Figure 5.
The EMSA result of the Bacillus halodurans FadR–fadR promoter. The DNA probe that corresponds to the promoter of B. halodurans fadR was biotinylated and mixed at 5 nM with various concentrations of the FadR proteins. FadR and its mutant proteins ...

Sequence alignment and structural analyses indicated that Gly42 and Tyr45 are highly conserved in the HTH motif of the TetR family proteins and formed multiple contacts with DNA (Supplementary Figure S5A). To probe the role of the residues, several mutations were introduced into B. halodurans FadR. G42Y (G42A was not expressed), Y45F and Y45A in the recognition helix α3 were constructed to directly perturb the FadR–DNA interaction. The mutant proteins were purified by the same method as the native FadR and subjected to EMSA experiments. Y45F showed moderate reduction of DNA binding. This is not surprising as Y45F loses a hydrogen bonding without perturbing the hydrophobic interactions with bases of the second and third Thy in the complementary strand. However, Y45A and G42Y showed significantly reduced DNA binding. The replacement of Gly42 and Y45 likely disrupted the hydrophobic interactions with DNA bases, as DNA binding was barely detectible (Figure (Figure5C5C and Supplementary Table S3).

To further analyse the FadR–DNA (IR, 5΄-ATGA(A/G)T-3΄) interactions, we designed modified DNA substrates (IRm1, IRm2 and IRm3). Each DNA contained the fadR promoter sequence with 4 bp mutations in upper, middle and downstream region (Supplementary Figure S4). IRm1 would be defective in hydrophobic interactions between Tyr45 (chain D) and the third Thy in the complementary strand. IRm2 lost hydrophobic interactions between Tyr45 (chains A and C) and the second Thy. IRm3 was defective in hydrogen bonding to Gly42 (chain B) and hydrophobic interactions between Tyr45 (chain B) and third Thy. The EMSA results using modified IR substrates showed that loss of interactions between the DNA base and protein residue resulted in severe reduction of DNA binding (Supplementary Figure S4 and Supplementary Table S4). These results indicate that disrupting only a few interactions, particularly hydrophobic interactions to DNA bases, could strongly affect DNA binding ability of B. halodurans FadR.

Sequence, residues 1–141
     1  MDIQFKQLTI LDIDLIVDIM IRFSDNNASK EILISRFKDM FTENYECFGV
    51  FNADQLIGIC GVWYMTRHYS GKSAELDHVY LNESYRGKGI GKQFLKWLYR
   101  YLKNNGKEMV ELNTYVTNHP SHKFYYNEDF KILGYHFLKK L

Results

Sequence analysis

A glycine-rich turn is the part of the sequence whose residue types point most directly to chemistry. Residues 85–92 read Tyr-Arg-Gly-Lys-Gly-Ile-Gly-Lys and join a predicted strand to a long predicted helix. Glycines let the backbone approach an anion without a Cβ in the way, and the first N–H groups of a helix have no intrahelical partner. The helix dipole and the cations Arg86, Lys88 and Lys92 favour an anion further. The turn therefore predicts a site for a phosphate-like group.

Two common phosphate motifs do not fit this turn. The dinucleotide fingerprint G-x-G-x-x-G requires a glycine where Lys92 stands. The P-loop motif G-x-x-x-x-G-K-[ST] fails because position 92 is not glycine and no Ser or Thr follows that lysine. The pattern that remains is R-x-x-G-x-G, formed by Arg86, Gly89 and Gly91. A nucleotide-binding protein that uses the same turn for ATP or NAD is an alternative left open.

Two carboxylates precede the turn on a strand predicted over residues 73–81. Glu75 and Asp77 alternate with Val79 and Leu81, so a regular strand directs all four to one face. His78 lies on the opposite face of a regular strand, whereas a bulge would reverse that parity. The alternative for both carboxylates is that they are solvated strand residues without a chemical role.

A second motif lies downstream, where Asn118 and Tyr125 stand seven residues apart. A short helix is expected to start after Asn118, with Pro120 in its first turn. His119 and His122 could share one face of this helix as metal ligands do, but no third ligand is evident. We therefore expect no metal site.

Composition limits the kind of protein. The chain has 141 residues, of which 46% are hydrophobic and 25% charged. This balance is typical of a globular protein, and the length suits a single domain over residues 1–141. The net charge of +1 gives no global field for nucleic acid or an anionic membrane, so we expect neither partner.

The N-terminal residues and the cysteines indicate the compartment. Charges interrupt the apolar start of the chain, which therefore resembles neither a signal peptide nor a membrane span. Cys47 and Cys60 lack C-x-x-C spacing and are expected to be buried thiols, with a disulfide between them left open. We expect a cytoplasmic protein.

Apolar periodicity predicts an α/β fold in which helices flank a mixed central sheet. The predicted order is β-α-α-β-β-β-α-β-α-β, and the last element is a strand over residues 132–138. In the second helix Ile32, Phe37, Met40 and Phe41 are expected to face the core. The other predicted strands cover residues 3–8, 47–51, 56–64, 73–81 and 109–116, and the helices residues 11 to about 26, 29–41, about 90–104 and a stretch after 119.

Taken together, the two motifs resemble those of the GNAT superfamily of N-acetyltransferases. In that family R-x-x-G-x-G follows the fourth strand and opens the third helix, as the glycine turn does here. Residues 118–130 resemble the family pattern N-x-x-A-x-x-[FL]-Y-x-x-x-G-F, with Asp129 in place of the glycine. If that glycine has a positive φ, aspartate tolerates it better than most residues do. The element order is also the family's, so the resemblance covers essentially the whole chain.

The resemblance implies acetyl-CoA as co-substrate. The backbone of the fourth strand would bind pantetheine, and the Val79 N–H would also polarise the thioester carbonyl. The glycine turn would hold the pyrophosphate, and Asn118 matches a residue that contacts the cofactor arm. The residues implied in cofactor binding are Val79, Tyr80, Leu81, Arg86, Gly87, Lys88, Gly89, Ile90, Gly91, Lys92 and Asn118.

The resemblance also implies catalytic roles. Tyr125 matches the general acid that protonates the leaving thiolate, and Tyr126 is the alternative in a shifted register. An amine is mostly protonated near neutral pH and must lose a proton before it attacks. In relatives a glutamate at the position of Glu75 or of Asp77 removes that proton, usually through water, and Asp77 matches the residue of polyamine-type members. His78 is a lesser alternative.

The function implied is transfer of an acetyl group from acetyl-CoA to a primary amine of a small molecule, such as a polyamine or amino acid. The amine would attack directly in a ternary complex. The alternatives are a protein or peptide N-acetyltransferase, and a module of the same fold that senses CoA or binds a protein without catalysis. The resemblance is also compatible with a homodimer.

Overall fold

The TetR superfamily of transcriptional regulators can be divided into two sub-classes depending on the oligomeric state upon DNA binding. One binds to DNA as a dimer and the other binds to DNA cooperatively as a dimer of dimers. Several differences exist between these two sub-classes of TetR family proteins. An analysis showed that dimeric DNA binding proteins recognize relatively short DNA (15–17bp), whereas the other binds to longer DNA (22–32bp). In addition, the dimeric TetR family proteins showed the DNA kink and induced a severe bent (15–17°), which widened the major groove. On the other hand, dimer of dimers TetR family proteins slightly widened the major groove of DNA and bent its DNA site by only 3°–3.5° (almost identical to B-form DNA). These differences are reflected to the Cα–Cα distances (at residue Gly42) in each subunit between the two sub-classes of TetR family proteins. In dimer of dimers TetR family proteins, this distance was ~38 Å compared with ~32 Å for dimeric TetR family proteins (Supplementary Table S5). B. halodurans FadR shared all characteristics of a dimer of the dimeric TetR superfamily proteins.

CONCLUSION

The structural mechanism of transcriptional regulation in the TetR superfamily has been elucidated (18,24,30,38). The N-DBD was translocated to the DNA major groove when the TetR transcriptional regulator binds to its operator, demonstrating a pendulum-like movement along the helix α4, which facilitated binding of the recognition helix deep into the DNA major groove. In B. halodurans FadR, hydrophobic and hydrophilic interactions with DNA bases and phosphate backbones were identified via two conserved residues (G42 and Y45). The pendulum-like rearrangement of the N-DBD decreased the distance between dimer recognition helices and resulted in a favorable state toward accepting operators by widening the major groove of DNA. When fatty acyl-CoAs bound to B. halodurans FadR, reorganization of the ligand-binding cavity lead to translocation of the helices α4 and α7, resulting in concurrent movement of the N-DBD to dissociate from DNA.

ACCESSION NUMBERS

The crystallography, atomic coordinates and structure factors reported in this paper have been deposited in the Protein Data Bank, www.pdb.org [PDB IDs: 5GP9 (B. halodurans FadR, palmitic acid bound), 5GPA (B. halodurans FadR(R117A), ligand-free) and 5GPC (B. halodurans FadR, in complex with DNA )].

Supplementary Material

Supplementary Data

ACKNOWLEDGEMENTS

We thank the staff members at Pohang Accelerator Laboratory Beamlines 7A and 5C for their help with data collection. We also thank I. Song and H. Oh on the GC-MS experiments.

SUPPLEMENTARY DATA

Supplementary Data are available at NAR Online.

FUNDING